11. Forms are the secret sauce.
Free samples can come in varieties other than articles, videos, and FAQs. They can also include forms.
Show them your approach and let them use your forms if they’re handling their case pro se. Again, seeing your expertise is dramatically more effective than attempting to convince them you’re good. Forms are a perfect demonstration of your expertise. Show them how you use different approaches to solve different problems.
Yes, some folks will use your work to solve their problem themselves. But more will pick you as their solution because they’re impressed. Forms draw visitors from search engines. Some of those folks will become your clients. Had you not posted the forms, they likely would have never heard of you. Forms are a win for your visitors and a win for you.
12. Tools keep them coming back.
Forms will bring traffic, but many of those visitors will be of the “one and done” variety. They’ll grab your free form, and you’ll never see them again.
Want them to keep coming back? Want them to bookmark your site and think of you as an expert resource?
Tools have an astounding impact. Building in a calculator, form builder, or storage repository will change your relationship with website visitors. They’ll think of you as a valuable part of their workflow rather than just as a vendor.
Tools foster relationships. They put you on a path toward trust. They build familiarity. A relationship begins between your visitors and your law firm. That’s powerful.
Of course, building tools is more complicated than writing articles. But it’s not overwhelmingly difficult. An inexpensive developer can create your first effort at minimal expense.
The money you were going to waste on redesign will be far more effectively spent when you use it to build a tool that helps those in need of the services you offer.
13. Video is less important than you think.
Video is fun to film. I love hanging out with the camera guy and talking into the microphone. I admit it: I'm a ham.
Video is also awesome on your site. It gives visitors a better feel than text and photos. It’s the real you, and it’s a quick path to increasing trust.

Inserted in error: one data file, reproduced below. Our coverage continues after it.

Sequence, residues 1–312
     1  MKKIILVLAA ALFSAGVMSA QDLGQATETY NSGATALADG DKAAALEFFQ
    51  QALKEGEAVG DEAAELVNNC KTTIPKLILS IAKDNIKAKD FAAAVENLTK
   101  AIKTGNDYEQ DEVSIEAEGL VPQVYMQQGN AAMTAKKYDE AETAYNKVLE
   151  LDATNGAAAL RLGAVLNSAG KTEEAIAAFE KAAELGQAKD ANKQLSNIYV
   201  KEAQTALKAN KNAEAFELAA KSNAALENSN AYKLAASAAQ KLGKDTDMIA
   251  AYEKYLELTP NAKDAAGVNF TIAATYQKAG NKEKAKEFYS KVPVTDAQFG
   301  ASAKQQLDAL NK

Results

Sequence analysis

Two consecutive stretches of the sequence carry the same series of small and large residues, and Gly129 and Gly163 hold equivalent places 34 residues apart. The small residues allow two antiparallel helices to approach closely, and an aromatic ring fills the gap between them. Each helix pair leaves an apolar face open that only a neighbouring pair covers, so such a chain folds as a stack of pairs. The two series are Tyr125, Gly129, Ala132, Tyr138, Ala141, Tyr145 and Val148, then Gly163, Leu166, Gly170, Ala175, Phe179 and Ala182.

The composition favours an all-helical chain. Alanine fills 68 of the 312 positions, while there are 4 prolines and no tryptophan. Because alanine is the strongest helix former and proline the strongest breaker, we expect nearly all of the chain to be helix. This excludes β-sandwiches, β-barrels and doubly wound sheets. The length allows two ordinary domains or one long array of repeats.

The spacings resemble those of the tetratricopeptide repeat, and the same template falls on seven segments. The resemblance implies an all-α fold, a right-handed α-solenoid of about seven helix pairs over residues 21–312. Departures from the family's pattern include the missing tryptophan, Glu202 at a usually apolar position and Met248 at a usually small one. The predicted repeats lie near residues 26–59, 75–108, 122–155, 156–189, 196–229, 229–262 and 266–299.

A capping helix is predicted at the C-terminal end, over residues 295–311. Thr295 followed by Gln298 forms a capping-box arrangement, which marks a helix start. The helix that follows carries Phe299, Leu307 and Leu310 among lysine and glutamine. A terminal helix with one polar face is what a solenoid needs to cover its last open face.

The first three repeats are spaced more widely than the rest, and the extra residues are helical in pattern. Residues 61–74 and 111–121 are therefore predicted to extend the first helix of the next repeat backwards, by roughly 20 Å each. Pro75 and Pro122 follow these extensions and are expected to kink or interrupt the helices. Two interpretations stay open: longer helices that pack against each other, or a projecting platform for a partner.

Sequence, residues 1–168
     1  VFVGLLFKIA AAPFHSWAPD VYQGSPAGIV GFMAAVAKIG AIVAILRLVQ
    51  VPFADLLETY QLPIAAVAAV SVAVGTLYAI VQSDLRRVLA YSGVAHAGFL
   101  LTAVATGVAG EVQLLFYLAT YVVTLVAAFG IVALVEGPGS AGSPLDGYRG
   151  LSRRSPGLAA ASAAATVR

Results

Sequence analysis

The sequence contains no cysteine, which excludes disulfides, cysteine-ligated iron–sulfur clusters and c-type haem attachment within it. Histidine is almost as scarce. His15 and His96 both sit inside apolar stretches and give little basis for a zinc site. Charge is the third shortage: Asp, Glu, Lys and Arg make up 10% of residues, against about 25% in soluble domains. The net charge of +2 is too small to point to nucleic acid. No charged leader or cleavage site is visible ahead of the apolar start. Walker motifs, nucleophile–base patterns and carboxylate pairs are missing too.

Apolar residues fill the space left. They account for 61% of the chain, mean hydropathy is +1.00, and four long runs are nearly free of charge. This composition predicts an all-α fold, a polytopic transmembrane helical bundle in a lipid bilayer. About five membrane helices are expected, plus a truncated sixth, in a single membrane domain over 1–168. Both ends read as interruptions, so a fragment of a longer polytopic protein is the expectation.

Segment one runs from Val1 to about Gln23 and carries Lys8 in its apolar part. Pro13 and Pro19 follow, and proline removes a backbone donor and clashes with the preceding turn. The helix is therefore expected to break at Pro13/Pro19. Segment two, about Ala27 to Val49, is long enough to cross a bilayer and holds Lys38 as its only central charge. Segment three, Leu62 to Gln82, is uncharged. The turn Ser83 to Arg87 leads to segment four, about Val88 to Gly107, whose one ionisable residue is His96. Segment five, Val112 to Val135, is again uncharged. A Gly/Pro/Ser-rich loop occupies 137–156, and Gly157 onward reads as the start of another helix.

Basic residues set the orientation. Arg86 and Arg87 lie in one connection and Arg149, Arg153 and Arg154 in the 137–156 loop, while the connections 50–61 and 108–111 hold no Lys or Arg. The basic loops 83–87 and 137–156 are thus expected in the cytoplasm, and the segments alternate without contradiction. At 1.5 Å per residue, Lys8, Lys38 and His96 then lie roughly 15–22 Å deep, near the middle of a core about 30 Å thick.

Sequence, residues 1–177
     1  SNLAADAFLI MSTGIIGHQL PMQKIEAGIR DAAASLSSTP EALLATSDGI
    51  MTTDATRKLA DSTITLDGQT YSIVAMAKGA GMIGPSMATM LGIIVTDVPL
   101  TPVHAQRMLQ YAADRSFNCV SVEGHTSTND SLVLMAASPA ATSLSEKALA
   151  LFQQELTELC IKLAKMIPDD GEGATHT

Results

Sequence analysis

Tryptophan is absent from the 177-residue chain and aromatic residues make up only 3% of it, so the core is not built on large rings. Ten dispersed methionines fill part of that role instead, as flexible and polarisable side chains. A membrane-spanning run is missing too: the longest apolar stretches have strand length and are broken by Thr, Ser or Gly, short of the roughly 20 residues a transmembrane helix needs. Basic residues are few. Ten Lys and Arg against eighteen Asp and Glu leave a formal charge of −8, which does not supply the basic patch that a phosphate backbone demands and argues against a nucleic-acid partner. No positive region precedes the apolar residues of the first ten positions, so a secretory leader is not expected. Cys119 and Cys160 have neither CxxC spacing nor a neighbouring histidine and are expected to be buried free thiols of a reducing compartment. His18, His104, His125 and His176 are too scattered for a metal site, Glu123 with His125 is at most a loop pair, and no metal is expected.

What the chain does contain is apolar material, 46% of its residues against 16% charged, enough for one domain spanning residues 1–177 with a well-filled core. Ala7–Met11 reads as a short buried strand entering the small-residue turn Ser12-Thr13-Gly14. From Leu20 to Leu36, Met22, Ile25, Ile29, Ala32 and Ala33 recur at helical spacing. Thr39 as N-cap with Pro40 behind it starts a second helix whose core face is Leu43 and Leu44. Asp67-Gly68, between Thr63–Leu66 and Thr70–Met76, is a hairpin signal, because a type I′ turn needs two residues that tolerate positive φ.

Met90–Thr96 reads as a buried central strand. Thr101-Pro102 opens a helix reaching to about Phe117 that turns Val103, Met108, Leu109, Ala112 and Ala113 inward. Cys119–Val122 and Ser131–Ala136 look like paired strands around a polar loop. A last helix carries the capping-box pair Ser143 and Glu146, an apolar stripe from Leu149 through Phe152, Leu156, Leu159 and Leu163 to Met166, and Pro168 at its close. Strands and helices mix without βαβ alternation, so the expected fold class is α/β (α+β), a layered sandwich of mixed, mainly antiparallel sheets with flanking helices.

But people don't watch videos as frequently as you think. We keep pretty good stats, and we have access to the website data of quite a few other law firms. Videos are awesome, but they’re not critical. Most visitors will never watch them.
Should you bother with video? Yes, but only after you’ve got the other priorities under control. Focusing on creating valuable educational material, demonstrating to prospective clients that you understand their story, and telling your story are far more important than video.
14. Get a decent host.
Your site isn’t doing you any good if it’s down. There are plenty of cheap website hosting vendors. One of the big vendors costs just $3/month. But for $3, you get minimal customer support, and when your site is down, it’s down for a while. Spend a little more and get a good host.
15. Monitor for downtime.
“Your site was down last week,” I told the lawyer as we talked about marketing. I tried to explore his site earlier, but it hadn’t been working. While we spoke, I tried again, but it was still down. He had no idea.
Websites go down. It’s inevitable. They usually pop back up a few seconds later. That’s part of the nature of servers and the web.
But a website that’s inaccessible for more than a few minutes is unusual. That’s a sign of a big problem. The problem is exacerbated when no one is aware that the website is down.
Use a service (many of which are free) to monitor your site. It will notify you immediately if your website goes down. Search for “uptime monitor,” or get your website guru to set it up. If your website goes down, you need to take steps to bring it back up so prospective clients aren’t left in the dark.
16. Have it all with Squarespace.
Some firms simply lack the resources to do what I have described above. They're hanging on by a thread. Squarespace is a delightful, simple, inexpensive product that allows you to build your own site. It offers templates, customer support, and a comprehensive product that does it all under one roof. It's pretty awesome for those doing the work themselves.
With Squarespace, you'll have your site up and running in an hour, and you'll be able to start making the additions and tweaks mentioned above so that you'll see a business impact from your work.
Create a site with Squarespace or any of the many competitors in the space and then start on the list above. You can do it all with minimal resources and by devoting your time to the projects required.
Hold Off on That Redesign for Now
Redesigns have their time and place. But an ugly site with the right stuff will beat a pretty site every time. Ugly wins when it speaks to the needs of the visitors, touches them deeply, and shows them the way to a better life. Your site can be all of that right now, even with that 1998 design.
Once you’ve got the fundamentals under control, then you can worry about the pretty stuff.
If you question my judgment on this, spend 10 seconds on Wikipedia. It gives new meaning to ugly. But it's trusted. Ugly, with the right words, works.